From Frankfurt to Weatherford to Tulsa, Weck becomes invested in Oklahoma

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By Ken MacLeod

A look at the rosters of many of the Division II and NAIA golf teams in Oklahoma, not to mention Division I power Oklahoma State, shows a wealth of gifted golfers who have come from around the world to improve their games and gain an education in Oklahoma towns large, medium and “charming.”

We have long celebrated the rise of home grown players filling the rosters of collegiate program here and across the U.S. It’s time to celebrate the contributions to the game, state and fabric of Oklahoma life made by those who take a leap of faith by leaving, say Frankfurt, Germany for Weatherford, Oklahoma, sight unseen.

“You look at our roster or a lot of the rosters in Division II and it’s either a local or international player,” said Southwestern Oklahoma State coach Brad Fleetwood. “With our recruiting budget, my players are from right around here or they are international. “

A look at the current roster bears that out. Fleetwood has players from Mexico (2), Denmark, Germany (2), Scotland and Poland, as well as Randlett, Choctaw and Elk City.

Gregor Weck grew up just outside of Frankfurt, where he had never heard of Weatherford or SWOSU. But an agency service that helps place European players with U.S. universities put him in touch with Fleetwood, who convinced him to turn down offers from Bowling Green among others and become one of the 12,000 or so residents of Weatherford, nearly 4,000 of whom are fellow students at SWOSU.

“I really liked Brad on the phone, he was very compelling,” Weck says today. “Plus it was the best offer. Once I got here it wasn’t necessarily what I pictured of American college life. I had never seen tumbleweed or cows on a golf course. It’s a small town with its strengths and weaknesses. But it’s very charming once you settle down and find the people you want to spend time with.”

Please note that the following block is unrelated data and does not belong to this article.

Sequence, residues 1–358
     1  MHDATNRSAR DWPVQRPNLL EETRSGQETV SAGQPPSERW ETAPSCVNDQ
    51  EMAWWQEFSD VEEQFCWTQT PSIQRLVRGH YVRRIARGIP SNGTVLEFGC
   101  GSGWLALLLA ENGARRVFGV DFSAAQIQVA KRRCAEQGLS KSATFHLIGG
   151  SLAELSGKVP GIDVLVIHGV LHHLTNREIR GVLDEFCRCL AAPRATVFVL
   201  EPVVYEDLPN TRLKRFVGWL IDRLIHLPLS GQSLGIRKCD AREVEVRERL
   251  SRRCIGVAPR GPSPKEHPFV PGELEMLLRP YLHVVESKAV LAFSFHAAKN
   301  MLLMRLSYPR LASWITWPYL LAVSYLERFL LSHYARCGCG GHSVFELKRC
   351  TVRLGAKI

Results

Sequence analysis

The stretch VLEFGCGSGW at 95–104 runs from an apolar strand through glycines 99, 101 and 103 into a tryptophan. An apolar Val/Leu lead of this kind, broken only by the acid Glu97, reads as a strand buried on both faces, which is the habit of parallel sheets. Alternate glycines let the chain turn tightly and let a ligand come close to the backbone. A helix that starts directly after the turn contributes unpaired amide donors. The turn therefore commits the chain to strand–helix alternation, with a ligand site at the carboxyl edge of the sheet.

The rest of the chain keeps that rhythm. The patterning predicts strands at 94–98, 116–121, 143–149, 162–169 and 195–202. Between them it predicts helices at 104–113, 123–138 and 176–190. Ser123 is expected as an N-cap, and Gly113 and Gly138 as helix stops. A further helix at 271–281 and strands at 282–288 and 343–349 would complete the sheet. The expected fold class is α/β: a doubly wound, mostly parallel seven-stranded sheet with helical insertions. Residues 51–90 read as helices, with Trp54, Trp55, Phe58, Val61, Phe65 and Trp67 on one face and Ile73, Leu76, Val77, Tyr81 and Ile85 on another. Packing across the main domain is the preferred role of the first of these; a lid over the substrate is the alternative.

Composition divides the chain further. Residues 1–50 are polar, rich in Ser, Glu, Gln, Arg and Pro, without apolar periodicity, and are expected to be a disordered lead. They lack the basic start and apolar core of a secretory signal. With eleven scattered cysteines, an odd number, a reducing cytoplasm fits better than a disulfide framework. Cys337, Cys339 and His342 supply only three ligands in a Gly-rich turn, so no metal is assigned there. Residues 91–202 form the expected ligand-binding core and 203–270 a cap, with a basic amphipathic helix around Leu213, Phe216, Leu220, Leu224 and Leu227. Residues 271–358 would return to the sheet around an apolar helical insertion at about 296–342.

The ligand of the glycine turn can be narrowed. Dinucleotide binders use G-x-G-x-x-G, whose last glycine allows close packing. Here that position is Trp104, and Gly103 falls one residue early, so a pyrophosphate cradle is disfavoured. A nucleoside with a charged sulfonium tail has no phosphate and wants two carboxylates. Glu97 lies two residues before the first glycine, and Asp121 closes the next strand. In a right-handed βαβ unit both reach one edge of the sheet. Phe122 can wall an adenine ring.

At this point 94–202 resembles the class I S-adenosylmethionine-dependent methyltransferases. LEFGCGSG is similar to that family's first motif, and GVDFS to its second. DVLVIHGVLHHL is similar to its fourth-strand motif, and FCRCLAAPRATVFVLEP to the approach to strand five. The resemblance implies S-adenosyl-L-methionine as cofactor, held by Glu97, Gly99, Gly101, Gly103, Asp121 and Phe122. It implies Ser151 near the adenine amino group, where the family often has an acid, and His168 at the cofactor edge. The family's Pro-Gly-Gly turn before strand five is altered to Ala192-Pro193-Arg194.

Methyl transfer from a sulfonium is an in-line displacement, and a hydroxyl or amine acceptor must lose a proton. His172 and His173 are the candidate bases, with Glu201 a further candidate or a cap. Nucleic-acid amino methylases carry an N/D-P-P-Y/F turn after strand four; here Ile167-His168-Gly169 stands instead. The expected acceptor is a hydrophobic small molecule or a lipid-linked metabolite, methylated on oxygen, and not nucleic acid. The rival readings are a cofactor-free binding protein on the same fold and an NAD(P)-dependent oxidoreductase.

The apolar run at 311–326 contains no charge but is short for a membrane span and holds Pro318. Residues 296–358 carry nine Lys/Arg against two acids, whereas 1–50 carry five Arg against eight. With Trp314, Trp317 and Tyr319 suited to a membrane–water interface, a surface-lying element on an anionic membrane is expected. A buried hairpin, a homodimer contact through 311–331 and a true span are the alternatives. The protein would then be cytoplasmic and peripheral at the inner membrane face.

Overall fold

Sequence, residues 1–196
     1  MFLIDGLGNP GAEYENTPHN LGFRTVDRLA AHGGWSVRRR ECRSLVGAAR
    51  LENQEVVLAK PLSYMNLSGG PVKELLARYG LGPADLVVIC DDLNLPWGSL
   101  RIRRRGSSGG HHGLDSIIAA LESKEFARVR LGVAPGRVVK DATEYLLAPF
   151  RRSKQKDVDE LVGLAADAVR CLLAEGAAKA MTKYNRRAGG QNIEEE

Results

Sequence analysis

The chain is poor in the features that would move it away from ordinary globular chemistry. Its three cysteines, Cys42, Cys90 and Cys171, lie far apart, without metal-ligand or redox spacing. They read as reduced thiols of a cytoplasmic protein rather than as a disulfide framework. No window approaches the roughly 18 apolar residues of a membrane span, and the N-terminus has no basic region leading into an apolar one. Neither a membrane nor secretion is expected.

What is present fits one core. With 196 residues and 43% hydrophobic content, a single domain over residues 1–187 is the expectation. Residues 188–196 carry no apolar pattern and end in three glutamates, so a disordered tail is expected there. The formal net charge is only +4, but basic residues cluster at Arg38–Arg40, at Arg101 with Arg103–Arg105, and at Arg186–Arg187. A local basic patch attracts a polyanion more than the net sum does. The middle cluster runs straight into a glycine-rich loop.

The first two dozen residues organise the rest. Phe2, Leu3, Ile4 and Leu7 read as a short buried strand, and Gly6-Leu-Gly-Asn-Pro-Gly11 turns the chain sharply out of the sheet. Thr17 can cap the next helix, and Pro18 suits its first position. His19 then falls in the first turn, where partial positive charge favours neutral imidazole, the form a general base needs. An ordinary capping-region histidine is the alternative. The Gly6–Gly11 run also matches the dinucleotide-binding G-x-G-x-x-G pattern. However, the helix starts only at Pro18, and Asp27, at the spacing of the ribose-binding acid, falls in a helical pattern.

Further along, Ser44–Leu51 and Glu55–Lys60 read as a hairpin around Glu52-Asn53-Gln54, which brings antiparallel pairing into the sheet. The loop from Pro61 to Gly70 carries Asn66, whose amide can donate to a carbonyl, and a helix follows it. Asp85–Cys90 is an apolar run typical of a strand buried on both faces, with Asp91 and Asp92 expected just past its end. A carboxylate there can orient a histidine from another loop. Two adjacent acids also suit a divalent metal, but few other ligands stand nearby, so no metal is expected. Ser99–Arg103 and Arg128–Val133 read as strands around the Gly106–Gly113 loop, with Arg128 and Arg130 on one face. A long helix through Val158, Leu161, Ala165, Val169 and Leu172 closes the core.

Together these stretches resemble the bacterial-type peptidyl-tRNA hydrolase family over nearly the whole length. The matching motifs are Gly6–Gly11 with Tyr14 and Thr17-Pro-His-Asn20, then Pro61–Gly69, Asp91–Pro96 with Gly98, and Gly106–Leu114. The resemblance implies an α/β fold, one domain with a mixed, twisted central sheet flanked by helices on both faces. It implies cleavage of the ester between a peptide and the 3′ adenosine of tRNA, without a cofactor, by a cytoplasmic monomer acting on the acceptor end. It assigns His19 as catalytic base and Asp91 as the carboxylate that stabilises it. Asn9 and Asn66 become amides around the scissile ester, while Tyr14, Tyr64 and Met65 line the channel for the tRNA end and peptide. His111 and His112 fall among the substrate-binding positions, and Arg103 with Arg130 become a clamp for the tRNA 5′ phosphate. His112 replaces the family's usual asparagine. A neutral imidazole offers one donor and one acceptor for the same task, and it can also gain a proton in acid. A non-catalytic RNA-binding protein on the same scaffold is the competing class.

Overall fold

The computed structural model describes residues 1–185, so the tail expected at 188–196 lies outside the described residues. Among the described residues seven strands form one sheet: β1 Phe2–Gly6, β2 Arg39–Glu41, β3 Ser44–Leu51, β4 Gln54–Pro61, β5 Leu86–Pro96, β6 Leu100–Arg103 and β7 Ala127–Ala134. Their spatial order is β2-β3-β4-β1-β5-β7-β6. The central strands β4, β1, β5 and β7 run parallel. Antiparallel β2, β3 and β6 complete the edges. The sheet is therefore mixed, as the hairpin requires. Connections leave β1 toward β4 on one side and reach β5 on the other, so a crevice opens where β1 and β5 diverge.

Gregor Weck

Weck completed his collegiate eligibility last May. While under Fleetwood’s tutelage he blossomed from a temperamental individual with a mercurial game to what Fleetwood calls “the most consistent player we’ve ever had.”

“He came here as a good player, but so much different from the person he is today,” Fleetwood said. “I don’t know if I’ve ever seen a player mature in the way that this guy has, on the course and in his personal life. It’s been amazing to watch his development and he’s going to be successful in whatever he does.”

Weck’s game matured to the point that by his senior season he finished second twice, outside the top 20 only twice and he was named both the SWOSU Male Athlete of the Year and Scholar Athlete of the Year while making the Cleveland Golf/Srixon All-American Scholar team for the third time.

Good enough to consider turning professional, but perhaps also wise enough not to. Weck, who was originally a psychology major but became fascinated with finance as he went along, led the charge to found a student investment club at SWOSU that before he left was charged with making recommendations on investments for $100,000 set aside by the SWOSU Foundation.

His grades and success with the investment club led to a summer internship working for Atento Capital, an early stage venture capital company focused on job growth in Tulsa and funded by the George Kaiser Family Foundation. His entrepreneurship in founding the investment club helped lead to the post, and he is still there today, though in a year his student visa will expire and tough decisions will have to be made.

At Weatherford, the team was fortunate to have an on-campus indoor practice facility and range provided by Everett Dobson, who attended school there and is now the owner of Oak Tree National and founder of the Oklahoma Golf Hall of Fame, among many other ventures. The team also has an open invitation at Prairie West Golf Course, which both Weck and Fleetwood said has made dramatic improvement in the past five years.

“It’s really come a long way,” Fleetwood said. “They spent about $1 million and now it’s got a really nice clubhouse. The greens I would put up against about any in the state. And they built some new tees and really lengthened it for the college players which has helped tremendously.”

“It’s a lot better than when I got here,” Weck agreed. “It’s unreal how good the greens are now.”

Weck now plays with friends around Tulsa and is hoping to one day be able to challenge Southern Hills while here. He loves golf and thought that might go away if he turned professional.

“I genuinely love golf and was scared that having to play for a paycheck, I would lose that relationship to the game and to the sport and become more obsessed with it but in a bad way,” Weck said. “You’ve got to be 100 percent committed and no do anything on the side or you won’t make it. I didn’t want to feel that if I was going to eat next week I had to finish in the top 20 this week.”

Instead he is thrilled with what he is doing to help launch small businesses in Tulsa. And to he and all the other international players who have made Oklahoma their home whether temporarily or permanently, the welcome mat is out.


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Ken MacLeod

Publisher Golf Oklahoma | Oklahoma's No. 1 Golf Source